New York, April 6, 2005—The Committee to Protect Journalists condemns the vicious attack on a Mexican crime reporter, who was in critical condition today after being shot repeatedly in front of her radio station in Nuevo Laredo, a city on the Texas border beset by a wave of drug-related violence.
Dolores Guadalupe García Escamilla, who hosts the program "Punto Rojo" (Red Point) for private radio station Stereo 91, was struck by nine shots to the abdomen, pelvis, arms, and legs as she arrived at work just before 8 a.m. yesterday, Stereo 91 News Director Roberto Gálvez Martínez told CPJ.
An assailant approached the reporter after she parked her car in front of the station, firing at least 14 times in all, the Mexican press reported. García Escamilla was taken to a nearby hospital where she underwent emergency surgery.
Gálvez said the attack occurred about a half hour after the station aired a report by García Escamilla on Monday's fatal shooting of a Nuevo Laredo lawyer—who news reports said had represented alleged drug dealers. García Escamilla, an experienced reporter who has worked for several media outlets in the city, had covered crime for Stereo 91 since 2001, Gálvez said.
He told CPJ that García Escamilla's car was torched in early January in front of her house. Gálvez said no motive was established, although press reports speculated that it stemmed from her crime reporting. García Escamilla filed a complaint with the public prosecutor's office but no action was taken.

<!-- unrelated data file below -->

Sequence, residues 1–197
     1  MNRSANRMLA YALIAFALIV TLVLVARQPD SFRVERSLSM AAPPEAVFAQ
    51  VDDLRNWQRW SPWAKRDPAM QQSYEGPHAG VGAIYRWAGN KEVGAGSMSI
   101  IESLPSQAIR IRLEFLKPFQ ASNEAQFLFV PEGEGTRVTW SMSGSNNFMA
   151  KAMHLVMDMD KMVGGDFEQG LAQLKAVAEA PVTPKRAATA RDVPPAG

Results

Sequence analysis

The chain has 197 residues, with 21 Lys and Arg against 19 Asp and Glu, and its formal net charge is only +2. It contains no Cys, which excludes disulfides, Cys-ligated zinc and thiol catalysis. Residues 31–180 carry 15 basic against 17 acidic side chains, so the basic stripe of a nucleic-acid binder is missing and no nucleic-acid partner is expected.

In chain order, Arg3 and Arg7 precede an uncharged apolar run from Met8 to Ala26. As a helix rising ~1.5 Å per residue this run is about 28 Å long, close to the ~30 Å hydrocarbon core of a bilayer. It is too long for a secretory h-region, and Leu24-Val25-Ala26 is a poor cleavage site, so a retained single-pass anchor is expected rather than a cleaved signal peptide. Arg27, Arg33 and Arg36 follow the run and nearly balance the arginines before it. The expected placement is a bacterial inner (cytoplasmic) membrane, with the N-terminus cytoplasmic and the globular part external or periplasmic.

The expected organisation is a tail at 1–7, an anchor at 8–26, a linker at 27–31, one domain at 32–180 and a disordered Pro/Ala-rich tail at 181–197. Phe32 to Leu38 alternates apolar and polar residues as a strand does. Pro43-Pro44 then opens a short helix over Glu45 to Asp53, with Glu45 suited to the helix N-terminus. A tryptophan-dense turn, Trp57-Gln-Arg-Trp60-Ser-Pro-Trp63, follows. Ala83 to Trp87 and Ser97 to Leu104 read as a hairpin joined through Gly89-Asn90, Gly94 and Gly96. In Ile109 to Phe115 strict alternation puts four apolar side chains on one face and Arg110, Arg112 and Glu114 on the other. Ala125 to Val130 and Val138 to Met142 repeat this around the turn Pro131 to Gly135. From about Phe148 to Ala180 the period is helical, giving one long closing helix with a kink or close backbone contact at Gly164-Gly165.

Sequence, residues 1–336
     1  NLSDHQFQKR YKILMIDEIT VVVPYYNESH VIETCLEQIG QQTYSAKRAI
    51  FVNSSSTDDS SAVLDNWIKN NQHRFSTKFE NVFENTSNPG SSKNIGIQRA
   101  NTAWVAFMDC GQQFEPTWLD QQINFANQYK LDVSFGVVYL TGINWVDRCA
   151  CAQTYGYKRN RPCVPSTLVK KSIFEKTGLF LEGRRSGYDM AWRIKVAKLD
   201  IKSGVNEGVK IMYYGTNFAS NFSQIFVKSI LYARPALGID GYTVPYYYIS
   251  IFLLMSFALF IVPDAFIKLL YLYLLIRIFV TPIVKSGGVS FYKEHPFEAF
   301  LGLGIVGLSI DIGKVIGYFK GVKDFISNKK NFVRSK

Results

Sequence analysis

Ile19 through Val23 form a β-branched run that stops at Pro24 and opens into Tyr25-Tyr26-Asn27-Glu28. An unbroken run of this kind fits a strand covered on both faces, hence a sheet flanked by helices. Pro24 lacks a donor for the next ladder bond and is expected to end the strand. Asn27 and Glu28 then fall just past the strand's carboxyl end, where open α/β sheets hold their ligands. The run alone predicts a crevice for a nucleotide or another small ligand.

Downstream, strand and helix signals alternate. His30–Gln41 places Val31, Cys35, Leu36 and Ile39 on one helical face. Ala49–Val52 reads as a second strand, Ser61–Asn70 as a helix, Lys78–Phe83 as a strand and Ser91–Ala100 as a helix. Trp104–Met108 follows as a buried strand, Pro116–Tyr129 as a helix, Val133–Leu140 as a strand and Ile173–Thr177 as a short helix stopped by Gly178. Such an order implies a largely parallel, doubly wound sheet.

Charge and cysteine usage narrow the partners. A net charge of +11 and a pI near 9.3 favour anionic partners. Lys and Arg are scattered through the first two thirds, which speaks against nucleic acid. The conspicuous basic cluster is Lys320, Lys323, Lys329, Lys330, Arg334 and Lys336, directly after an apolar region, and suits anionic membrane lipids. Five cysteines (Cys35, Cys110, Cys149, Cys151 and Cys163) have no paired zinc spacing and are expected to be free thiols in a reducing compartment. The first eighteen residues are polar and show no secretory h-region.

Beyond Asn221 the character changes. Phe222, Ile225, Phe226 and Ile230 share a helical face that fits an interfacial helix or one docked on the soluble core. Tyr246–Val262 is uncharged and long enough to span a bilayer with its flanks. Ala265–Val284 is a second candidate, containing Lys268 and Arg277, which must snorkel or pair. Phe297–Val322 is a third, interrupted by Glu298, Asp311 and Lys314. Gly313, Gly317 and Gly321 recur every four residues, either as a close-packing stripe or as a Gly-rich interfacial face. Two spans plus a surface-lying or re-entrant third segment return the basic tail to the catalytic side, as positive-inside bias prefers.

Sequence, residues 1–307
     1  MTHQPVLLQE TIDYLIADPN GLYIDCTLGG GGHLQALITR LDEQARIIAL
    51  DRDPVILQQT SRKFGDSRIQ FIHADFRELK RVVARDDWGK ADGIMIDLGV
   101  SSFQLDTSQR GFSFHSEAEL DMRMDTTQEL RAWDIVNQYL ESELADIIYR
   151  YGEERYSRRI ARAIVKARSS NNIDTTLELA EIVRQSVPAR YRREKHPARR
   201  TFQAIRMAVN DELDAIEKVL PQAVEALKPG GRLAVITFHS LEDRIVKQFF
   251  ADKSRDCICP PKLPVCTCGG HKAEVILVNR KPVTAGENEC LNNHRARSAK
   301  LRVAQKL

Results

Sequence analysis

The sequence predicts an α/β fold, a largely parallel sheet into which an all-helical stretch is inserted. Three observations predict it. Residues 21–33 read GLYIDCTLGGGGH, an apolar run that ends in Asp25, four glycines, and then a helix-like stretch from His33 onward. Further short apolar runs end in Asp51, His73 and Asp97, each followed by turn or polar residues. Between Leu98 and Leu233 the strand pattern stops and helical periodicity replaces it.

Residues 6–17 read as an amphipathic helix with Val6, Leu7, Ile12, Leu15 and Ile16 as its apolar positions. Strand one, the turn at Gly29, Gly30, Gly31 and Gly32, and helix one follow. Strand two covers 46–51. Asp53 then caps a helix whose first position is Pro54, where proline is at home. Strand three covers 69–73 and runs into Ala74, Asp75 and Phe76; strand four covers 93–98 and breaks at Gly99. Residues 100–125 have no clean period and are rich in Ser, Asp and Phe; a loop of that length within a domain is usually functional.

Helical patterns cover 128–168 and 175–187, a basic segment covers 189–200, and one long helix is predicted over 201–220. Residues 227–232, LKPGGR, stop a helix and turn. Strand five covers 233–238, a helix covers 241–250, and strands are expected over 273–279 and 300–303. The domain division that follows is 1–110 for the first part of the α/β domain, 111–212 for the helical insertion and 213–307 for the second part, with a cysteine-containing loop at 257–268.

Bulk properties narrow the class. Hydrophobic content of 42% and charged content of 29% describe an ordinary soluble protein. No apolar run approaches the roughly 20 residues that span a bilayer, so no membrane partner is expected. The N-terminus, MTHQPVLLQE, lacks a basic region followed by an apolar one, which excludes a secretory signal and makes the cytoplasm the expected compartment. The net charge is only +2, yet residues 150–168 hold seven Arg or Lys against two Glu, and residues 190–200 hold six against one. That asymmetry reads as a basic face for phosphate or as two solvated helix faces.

Nuevo Laredo, a city of 500,000 in the state of Tamaulipas, is experiencing a wave of violence related to drug trafficking. More than 30 people have been killed so far this year, the San Antonio Express News reported.
The U.S.-Mexico border has become one of the most dangerous places in Latin America for journalists to do their jobs. Two border journalists were killed in direct reprisal for their work in 2004, CPJ research shows. CPJ is also investigating the motive in the murder of Roberto Mora, editorial director for the Nuevo Laredo--based daily El Mañana, who was stabbed to death in front of his house on March 19, 2004.
"We are outraged by this despicable attack against García Escamilla," CPJ Executive Director Ann Cooper said. "We call on Mexican authorities to conduct an exhaustive investigation, prosecute those responsible, and bring an end to this climate of lawlessness in the U.S.-Mexico border region."
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